Sunday, Aug 6, 2017
Gretchen Rachel Hammond, former reporter for the Windy City Times, marches resolutely to the podium and stands there observing the crowd of young, affluent, mostly single Jews who have gathered for the Algemeiner summer benefit and then begins her speech — a deeply personal narrative about discovering her voice as a transgender reporter and Zionist and the pain of being silenced by her own community. Hammond has recently risen to national prominence for breaking the story about the Jewish women ejected from the Dyke March in Chicago for carrying flags with the Star of David. Her reporting about this event sparked a controversy which resulted in her transfer to the sales desk.
As she speaks, the crowd is mesmerized, even giddy, applauding at key moments, laughing at others, feeling with it and hip. Algemeiner is a newspaper that covers Israel-based and Jewish news, rather than social justice issues, and now this fearless Brit in office casual has come to drop mad knowledge bombs about all the infighting among the people who support the Boycott, Divestment and Sanctions movement and use words like “intersectional.” You know, those people? Bret Stephens, house conservative at The New York Times and NBC News, sits in the front row, his head tilted towards Hammond, his features awash with the blank sort of pseudo-empathy that cis white men who want to appear open-minded assume when looking at trans or queer women. It’s the expression I make when people tell me long stories about their cat.
Not to pinkwash, but in 2016, Hammond, who also recently converted to Judaism, has been excoriated by the LGBTQIA community for essentially consorting with the likes of fascists, AKA Zionists, donated one of her kidneys to longtime lesbian activist and total stranger Elvie “LV” Jordan. As a journalist, she secured a release for a transgender woman incarcerated in the male division of Cook County Jail.
After Hammond’s messianic oration, which ends with her booming refusal to be silenced, there is thunderous applause. People rise to their feet. If ever there was a crowd to receive a half-Indian-half-English recent convert preaching unity, this is it: a group of pro-Israel, New York Jew-y Jews, including me: a Jewish, Zionist, cis-gendered lesbian. A lump forms in my throat. I turn to the guy to my left in solidarity, but he is the senior editor of Commentary, so I look at my purse.
Later, when Hammond goes back to Chicago and we speak on the phone, she is frank and grim about her feeling of political homelessness, and I’m struck by her vulnerability and fear. I’ve been ranting for days about the silencing of pro-Israel participants at the Dyke March to anyone who will listen. But this idea of political homelessness, it exemplifies my feeling of having to hide in plain sight for having certain views in certain company — being pro-Israel and anti-BDS with the left and being pro everything else (like choice and marriage equality) with the right. I often write about youth justice. It’s very Rabbi Hillel. “If I am not for myself, who will be for me, and if I am only for myself, what am I?” The thing is, I align with a movement, get pumped about its mission, and then they attack Israel or align with a known anti-Semite. It’s exhausting.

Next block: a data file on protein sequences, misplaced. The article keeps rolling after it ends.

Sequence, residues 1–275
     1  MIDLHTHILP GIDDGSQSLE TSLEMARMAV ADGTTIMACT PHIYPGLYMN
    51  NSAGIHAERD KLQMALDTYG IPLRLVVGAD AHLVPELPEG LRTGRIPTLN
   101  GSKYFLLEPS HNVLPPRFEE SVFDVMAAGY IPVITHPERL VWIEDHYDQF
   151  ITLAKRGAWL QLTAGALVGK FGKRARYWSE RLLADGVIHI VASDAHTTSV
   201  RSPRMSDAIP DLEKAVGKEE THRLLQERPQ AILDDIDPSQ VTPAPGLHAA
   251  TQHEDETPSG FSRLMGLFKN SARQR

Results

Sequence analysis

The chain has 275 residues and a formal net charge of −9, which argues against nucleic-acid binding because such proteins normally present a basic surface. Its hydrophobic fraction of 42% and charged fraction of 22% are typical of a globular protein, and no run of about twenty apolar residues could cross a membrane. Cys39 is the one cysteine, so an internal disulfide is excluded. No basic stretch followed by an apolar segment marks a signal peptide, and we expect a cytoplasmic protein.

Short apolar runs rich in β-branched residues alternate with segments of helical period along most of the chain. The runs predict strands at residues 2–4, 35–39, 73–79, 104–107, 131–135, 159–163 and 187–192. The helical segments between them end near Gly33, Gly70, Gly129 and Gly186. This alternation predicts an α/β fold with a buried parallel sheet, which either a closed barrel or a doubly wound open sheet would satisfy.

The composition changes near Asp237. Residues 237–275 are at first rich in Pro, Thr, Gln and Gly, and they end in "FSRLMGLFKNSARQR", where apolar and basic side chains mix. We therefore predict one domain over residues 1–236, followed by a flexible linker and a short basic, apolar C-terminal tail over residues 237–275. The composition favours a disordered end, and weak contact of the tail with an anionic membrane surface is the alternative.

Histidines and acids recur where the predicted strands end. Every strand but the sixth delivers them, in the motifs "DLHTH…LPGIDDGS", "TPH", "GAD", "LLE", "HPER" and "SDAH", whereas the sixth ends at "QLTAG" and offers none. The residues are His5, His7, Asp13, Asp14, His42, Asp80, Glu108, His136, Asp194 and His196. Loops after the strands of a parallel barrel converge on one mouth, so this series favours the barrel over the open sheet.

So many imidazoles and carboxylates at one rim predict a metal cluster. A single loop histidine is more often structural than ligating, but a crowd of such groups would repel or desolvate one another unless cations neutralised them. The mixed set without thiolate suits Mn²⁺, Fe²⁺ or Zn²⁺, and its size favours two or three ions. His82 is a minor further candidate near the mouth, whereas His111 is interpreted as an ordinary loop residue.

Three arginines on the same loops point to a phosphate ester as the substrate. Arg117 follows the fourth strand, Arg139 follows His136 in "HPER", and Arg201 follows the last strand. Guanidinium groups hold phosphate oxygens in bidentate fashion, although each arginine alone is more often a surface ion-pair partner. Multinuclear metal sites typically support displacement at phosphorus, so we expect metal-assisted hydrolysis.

From The New York Times: https://www.nytimes.com/2017/08/06/us/black-transgender-lil-duval.html
When Elle Hearns watched the video clip someone had sent to her on social media, it really stung.
It featured a black comedian, Lil Duval, on “The Breakfast Club,” a popular New York City-based morning radio show that caters to an African-American audience, joking that if a sexual partner turned out to be a transgender woman, he would want to kill her if she hadn’t told him beforehand.
Ms. Hearns is a black transgender woman who has devoted much of her life over the past few years to defending black people — mostly men — from the harassment, brutality and killings they face at the hands of the police. Yet here was a black man, interviewed by three black hosts, lobbing what Ms. Hearns felt was “an attack on the entire community.”
“I was ashamed, I was embarrassed, I was angry,” she said.
At the heart of Ms. Hearns’s pain is a betrayal that black transgender people say has long afflicted them.
With few exceptions, black transgender women and men say that they get more hatred from black people than anyone else, even though they have been on the front lines protesting issues that affect all African-Americans.
“I feel like we have been at the forefront with so many people fighting, and now that it’s time for people to be joining in our fight, no one’s there,” said Atlantis Narcisse, 45, the founder of Save Our Sisters, a support organization for black transgender women in Houston. “They will stand up for a drug dealer being killed or a black man being beaten, but won’t stand up for black trans women being murdered.”
Ms. Narcisse, a black transgender woman, said that she has received more support from whites, and that she is on edge around African-Americans because she does not think they will stand with her if she is attacked.
“We’re considered a joke,” she said. “They still look at us as men dressing up, playing in women’s clothes, which is not the case.”
Many black people’s views on transgender people come in part from the central role that religion and the church play in black life, several transgender people said. It also stems from an emphasis on hypermasculinity in black culture, which has deep roots in black men having to use physical strength to survive generations of oppression, they said.
“To be seen as feminine if you’re seen as a black male is a sign of weakness,” said Kiara St. James, the director of the New York Transgender Advocacy Group.
That attitude could mean grim consequences for black transgender people.
Continue reading at: https://www.nytimes.com/2017/08/06/us/black-transgender-lil-duval.html